Over the weekend Earl and I went to see “Spider-man 3”. I am a huge fan of the live action version of superhero sagas and despite the mixed reviews I had read about this film I was excited to see it. We opted to see it at the one local megaplex we have in this area.
This was a mistake.
First of all, the movie wasn’t half bad. There were a number of plot holes and convenient coincidences that I found hard to overlook, but for the most part I didn’t feel like we wasted the money by seeing the movie. In summary but without plot spoilers, I’d say it was a good movie but the weakest of the Spider-man films to date. At one point, Peter Parker and Spidey reminded me of Evil Dynagirl though.
Even though this was the second weekend of the movie’s run the theatre was close to sold out. Earl and I selected a seat about halfway up the stadium seating arrangement and sat on the end. The theatre filled up rapidly after we got ourselves situated. About five minutes after we sat a group of four women parked in the row behind us. I knew they were there because one of them kicked the back of my seat twice and they were all clucking away as if they were laying eggs. To add to the ambience, one of the ladies decided to make several calls to 411 (information) to get various numbers for businesses unrelated to entertainment. I could somewhat understand if she wanted to make reservations for dinner after the show or whatever, but she was calling places such as Verizon and Jiffy-Lube, both which are presumably closed on a Saturday night after 9 p.m. Luckily, they moved to a higher perch in the back of the theatre before long.
That was a close call.
In front of a us was a couple that seemed like they were really into the Spidey-thing, as he was wearing a Spider-man shirt and he had that “I’m a geek” thing going on. I know that ‘thing’ because I also have that ‘thing’. Geekdar is quite similar to gaydar. As I was sizing up this couple and determining if they were cell phone friendly or not, in came a family of five, including three very young children, who parked in front of the Spidey-couple. They were loud and played unintentional musical chairs several times before getting settled in.
By then it was time for the previews, where people started pouring in by the droves. “Excuse me, is your seat taken?”, asked one; “Why do they turn off the lights for the preview?”, asked another.
Here’s where I started getting cranky. A group of ten or so teenagers came in and sat in the front row and fired up their cell phones. Now, having a short attention span and all, I am easily distracted by flashing lights and shiny objects. Having ten kids in the front row texting away on their cell phones detracts from the whole cinematic experience. I find it hard to concentrate on the big screen when there’s ten little screen vying for my attention in my peripheral vision.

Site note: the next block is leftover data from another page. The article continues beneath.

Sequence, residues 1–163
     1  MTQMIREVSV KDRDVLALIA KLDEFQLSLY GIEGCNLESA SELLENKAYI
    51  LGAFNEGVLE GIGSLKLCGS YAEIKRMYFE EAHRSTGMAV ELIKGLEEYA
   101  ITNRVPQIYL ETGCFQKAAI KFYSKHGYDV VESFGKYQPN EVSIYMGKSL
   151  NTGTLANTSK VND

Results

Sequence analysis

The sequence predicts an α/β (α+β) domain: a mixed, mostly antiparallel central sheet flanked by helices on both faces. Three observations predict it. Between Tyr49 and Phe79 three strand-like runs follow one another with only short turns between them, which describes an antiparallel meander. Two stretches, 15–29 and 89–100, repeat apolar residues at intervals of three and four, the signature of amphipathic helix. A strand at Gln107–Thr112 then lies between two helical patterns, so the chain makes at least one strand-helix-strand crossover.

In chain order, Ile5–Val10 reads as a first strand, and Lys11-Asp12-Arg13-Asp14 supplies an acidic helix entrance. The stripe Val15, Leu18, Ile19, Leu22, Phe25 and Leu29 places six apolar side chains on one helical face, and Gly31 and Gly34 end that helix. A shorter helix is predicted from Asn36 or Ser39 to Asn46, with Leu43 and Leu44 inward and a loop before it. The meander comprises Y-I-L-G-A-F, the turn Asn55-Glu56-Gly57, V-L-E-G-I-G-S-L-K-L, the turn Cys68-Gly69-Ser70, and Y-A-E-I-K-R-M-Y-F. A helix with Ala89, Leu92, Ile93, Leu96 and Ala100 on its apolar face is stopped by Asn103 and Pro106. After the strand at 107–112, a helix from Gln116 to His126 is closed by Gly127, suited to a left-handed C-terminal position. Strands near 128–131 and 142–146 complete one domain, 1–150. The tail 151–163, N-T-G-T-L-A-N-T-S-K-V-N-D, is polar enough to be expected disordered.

The whole experience went downhill from there when one man must have thought that we were at Rocky Horror and he started yelling out lines and directions at the screen. “Cry!” “Kiss her!” “Throw your spideyweb!” The texters started talking, loud enough that I could hear them almost 3/4 of the way back in the theatre and to the point where an elderly gentleman cuffed one of them upside the head and said, “I paid to watch this movie – shut up!” The parents in the family of five two rows in front of us opted to ignore their children. They turned a deaf ear to the crying and the whining and the pleas for a potty break. On the other hand, there was more traffic up and down the aisles and in and out the doors than there were at the Dollar General during half price day/double coupon day.
The situation was out of control.
I was about ready to lose my mind when I decided that it really wasn’t worth it. I figured the movie wasn’t as good as the first two so I wasn’t really missing anything there and we’d buy it on DVD anyway. I mentioned the experience to Earl afterward when he simply said “times are changing.”
This prompts a couple of questions worth discussion.
1. What does the fact that it’s the 21st century and not 1975 have to do with sitting quietly in a theatre and enjoying the picture?
2. Why does the use of technology (cell phones) trump simple etiquette? Why don’t parents teach their kids to use said technology responsibly? When I was a kid if I did something ludicruous with the telephone, such as scream “WHAT?” as loudly and shrilly as I could into the receiver when someone was phoning, my mother cuffed me upside the head and taught me better.
3. Why do people feel like they can talk all through a movie now? What happened to sitting quietly, enjoying the picture, snuggling up with your friend and/or anyone else around you and sharing a popcorn and a pop?
4. Why can’t movie theatre owners build theatres that reject any type of cell phone signal reception and post “warning labels” outside the theatre warning people of this? Heck, I’d pay *extra* to watch a movie in a cell free zone.
I’ve always considered myself a happy, progressive type of guy. I embrace and use technology where and whenever possible. But by doing so, it doesn’t mean that I abandoned the common courtesy and respect I learned as a child.